On 10 February 2022, the Commission has authorised the placing on the market of a third insect, Acheta domesticus (house cricket), as a food.
The term ‘house cricket’ refers to the adult of Acheta domesticus, an insect species that belongs to the Gryllidae family.
The novel food consists of the frozen, dried and powder forms of house cricket. It is intended to be marketed as a snack or as a food ingredient, in a number of food products.
In addition, the Commission has authorised for the second time the placing on the market of frozen, dried and powder forms of Tenebrio molitor larva (yellow mealworm) as a novel food. This is due to the fact that the authorisation in both cases are linked to the applicants due to the data protection provisions laid down in the novel food regulation.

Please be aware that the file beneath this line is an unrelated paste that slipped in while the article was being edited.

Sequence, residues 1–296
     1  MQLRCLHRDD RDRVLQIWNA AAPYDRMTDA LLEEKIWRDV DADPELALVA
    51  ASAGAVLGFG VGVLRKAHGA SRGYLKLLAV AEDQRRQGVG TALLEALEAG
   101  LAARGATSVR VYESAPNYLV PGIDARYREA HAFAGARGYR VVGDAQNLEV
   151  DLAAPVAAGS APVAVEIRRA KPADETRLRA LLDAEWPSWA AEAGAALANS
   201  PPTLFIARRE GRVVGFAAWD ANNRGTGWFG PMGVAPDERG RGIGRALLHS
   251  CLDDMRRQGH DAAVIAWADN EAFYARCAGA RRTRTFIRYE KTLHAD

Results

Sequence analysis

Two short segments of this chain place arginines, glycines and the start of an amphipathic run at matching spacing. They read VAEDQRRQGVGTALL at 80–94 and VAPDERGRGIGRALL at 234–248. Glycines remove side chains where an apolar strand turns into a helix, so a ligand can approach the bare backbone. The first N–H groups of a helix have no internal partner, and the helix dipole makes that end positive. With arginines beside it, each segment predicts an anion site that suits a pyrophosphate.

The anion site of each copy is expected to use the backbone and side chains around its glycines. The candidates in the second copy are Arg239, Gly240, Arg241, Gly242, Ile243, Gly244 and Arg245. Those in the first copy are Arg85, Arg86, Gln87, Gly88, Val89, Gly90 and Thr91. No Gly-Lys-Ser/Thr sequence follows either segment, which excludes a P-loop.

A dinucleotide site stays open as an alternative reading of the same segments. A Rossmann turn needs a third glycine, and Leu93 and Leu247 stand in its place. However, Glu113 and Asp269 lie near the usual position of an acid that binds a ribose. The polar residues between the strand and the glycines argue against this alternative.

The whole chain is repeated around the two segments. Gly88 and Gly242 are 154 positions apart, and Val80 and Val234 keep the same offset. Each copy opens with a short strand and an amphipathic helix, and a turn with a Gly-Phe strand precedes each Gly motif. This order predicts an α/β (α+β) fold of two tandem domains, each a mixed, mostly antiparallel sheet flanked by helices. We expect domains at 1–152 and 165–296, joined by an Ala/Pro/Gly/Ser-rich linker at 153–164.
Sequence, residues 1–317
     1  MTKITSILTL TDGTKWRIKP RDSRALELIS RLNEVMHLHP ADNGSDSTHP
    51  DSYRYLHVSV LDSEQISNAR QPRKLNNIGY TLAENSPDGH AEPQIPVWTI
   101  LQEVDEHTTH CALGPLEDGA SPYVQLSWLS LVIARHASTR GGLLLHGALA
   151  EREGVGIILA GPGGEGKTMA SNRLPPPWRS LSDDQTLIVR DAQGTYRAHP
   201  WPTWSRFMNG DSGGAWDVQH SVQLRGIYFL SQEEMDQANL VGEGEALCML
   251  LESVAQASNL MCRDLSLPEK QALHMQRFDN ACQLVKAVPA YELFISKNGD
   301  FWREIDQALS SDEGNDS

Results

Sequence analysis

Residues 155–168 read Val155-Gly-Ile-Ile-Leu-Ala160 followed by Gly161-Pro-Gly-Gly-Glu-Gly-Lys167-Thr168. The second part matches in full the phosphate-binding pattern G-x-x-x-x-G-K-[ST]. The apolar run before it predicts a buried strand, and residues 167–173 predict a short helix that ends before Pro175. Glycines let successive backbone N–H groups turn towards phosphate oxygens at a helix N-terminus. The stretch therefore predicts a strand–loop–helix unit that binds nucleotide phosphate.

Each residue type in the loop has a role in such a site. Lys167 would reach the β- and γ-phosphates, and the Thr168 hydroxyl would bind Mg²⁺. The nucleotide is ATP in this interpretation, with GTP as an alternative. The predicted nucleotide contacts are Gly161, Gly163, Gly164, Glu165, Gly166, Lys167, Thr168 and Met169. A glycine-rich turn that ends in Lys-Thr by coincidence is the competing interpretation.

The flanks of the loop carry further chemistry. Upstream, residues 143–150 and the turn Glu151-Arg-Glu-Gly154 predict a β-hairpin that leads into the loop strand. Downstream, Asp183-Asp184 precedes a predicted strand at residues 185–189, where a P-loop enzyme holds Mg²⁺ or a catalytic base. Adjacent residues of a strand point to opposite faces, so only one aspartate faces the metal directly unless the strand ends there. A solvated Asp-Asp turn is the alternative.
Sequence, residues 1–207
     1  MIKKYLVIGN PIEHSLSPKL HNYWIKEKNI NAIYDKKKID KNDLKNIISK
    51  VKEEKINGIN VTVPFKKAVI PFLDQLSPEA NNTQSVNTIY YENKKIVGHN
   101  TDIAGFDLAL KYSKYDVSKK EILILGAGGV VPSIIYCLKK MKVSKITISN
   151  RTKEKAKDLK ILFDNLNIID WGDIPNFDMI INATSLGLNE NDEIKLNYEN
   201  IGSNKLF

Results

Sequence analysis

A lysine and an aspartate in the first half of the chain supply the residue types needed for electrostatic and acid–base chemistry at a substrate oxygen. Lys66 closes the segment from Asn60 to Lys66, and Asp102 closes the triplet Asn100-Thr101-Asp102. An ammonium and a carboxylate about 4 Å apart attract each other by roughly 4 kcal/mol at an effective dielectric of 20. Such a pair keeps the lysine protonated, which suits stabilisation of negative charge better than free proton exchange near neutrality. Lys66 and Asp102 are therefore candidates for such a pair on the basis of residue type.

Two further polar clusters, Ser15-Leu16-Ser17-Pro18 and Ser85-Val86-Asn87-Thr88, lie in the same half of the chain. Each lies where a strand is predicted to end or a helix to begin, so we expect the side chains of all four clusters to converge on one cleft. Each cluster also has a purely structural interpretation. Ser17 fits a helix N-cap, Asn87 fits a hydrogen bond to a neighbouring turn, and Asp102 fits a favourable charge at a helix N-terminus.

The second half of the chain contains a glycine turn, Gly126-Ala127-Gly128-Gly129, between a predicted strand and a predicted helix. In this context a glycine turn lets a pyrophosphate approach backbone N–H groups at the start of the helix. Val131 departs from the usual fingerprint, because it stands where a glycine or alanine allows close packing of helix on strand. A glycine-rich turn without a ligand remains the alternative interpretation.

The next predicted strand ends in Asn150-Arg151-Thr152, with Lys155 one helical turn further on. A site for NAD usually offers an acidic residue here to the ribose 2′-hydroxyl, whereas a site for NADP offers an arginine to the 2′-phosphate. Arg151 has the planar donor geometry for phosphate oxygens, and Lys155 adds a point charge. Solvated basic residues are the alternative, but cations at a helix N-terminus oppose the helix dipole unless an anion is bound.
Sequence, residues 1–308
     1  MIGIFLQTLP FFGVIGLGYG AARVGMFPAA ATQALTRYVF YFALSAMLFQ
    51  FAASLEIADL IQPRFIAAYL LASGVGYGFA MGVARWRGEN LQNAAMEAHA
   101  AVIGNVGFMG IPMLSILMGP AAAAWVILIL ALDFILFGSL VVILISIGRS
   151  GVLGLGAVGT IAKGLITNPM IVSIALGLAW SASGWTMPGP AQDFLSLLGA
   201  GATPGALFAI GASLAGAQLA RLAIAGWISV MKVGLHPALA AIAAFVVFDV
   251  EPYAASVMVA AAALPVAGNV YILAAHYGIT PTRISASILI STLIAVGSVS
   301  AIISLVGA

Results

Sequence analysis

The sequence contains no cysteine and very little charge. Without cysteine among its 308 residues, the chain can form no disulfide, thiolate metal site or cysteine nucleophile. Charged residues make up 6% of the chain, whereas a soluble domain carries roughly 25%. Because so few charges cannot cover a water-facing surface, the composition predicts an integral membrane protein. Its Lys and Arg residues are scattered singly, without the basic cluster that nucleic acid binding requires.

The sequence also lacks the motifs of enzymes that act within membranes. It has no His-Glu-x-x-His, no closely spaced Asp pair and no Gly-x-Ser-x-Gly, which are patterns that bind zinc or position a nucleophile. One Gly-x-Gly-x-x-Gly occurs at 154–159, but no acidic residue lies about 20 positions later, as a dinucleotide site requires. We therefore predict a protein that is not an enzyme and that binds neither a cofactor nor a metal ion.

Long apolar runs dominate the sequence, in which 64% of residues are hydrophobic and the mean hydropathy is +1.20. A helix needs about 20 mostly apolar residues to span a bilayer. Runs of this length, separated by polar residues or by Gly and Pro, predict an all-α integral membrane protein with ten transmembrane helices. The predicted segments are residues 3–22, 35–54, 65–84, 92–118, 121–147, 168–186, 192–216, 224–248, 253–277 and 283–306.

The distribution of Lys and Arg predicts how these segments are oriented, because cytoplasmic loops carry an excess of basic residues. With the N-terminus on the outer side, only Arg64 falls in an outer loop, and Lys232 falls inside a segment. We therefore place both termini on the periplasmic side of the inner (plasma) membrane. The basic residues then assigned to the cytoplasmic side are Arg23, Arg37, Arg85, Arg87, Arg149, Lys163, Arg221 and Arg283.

The authorisation of house cricket will allow the applicant to place this insect species on the EU market under certain conditions of use.
Novel Food is defined as food that had not been consumed to a significant degree by humans in the EU before 15 May 1997, when the first Regulation on novel food came into force. Although there is anecdotal evidence of insects consumed as food in the past, no Member State has confirmed human consumption to a significant degree prior to 15 May 1997 for any insect species.
The Novel Food Regulation requires an authorisation before a novel food product can be placed on the Union market.
The Novel Food Regulation is only about the approval of a product, following a stringent scientific assessment made by the European Food Safety Authority (EFSA). The Authority verifies, in light of the scientific evidence available, that the food does not pose a safety risk to human health.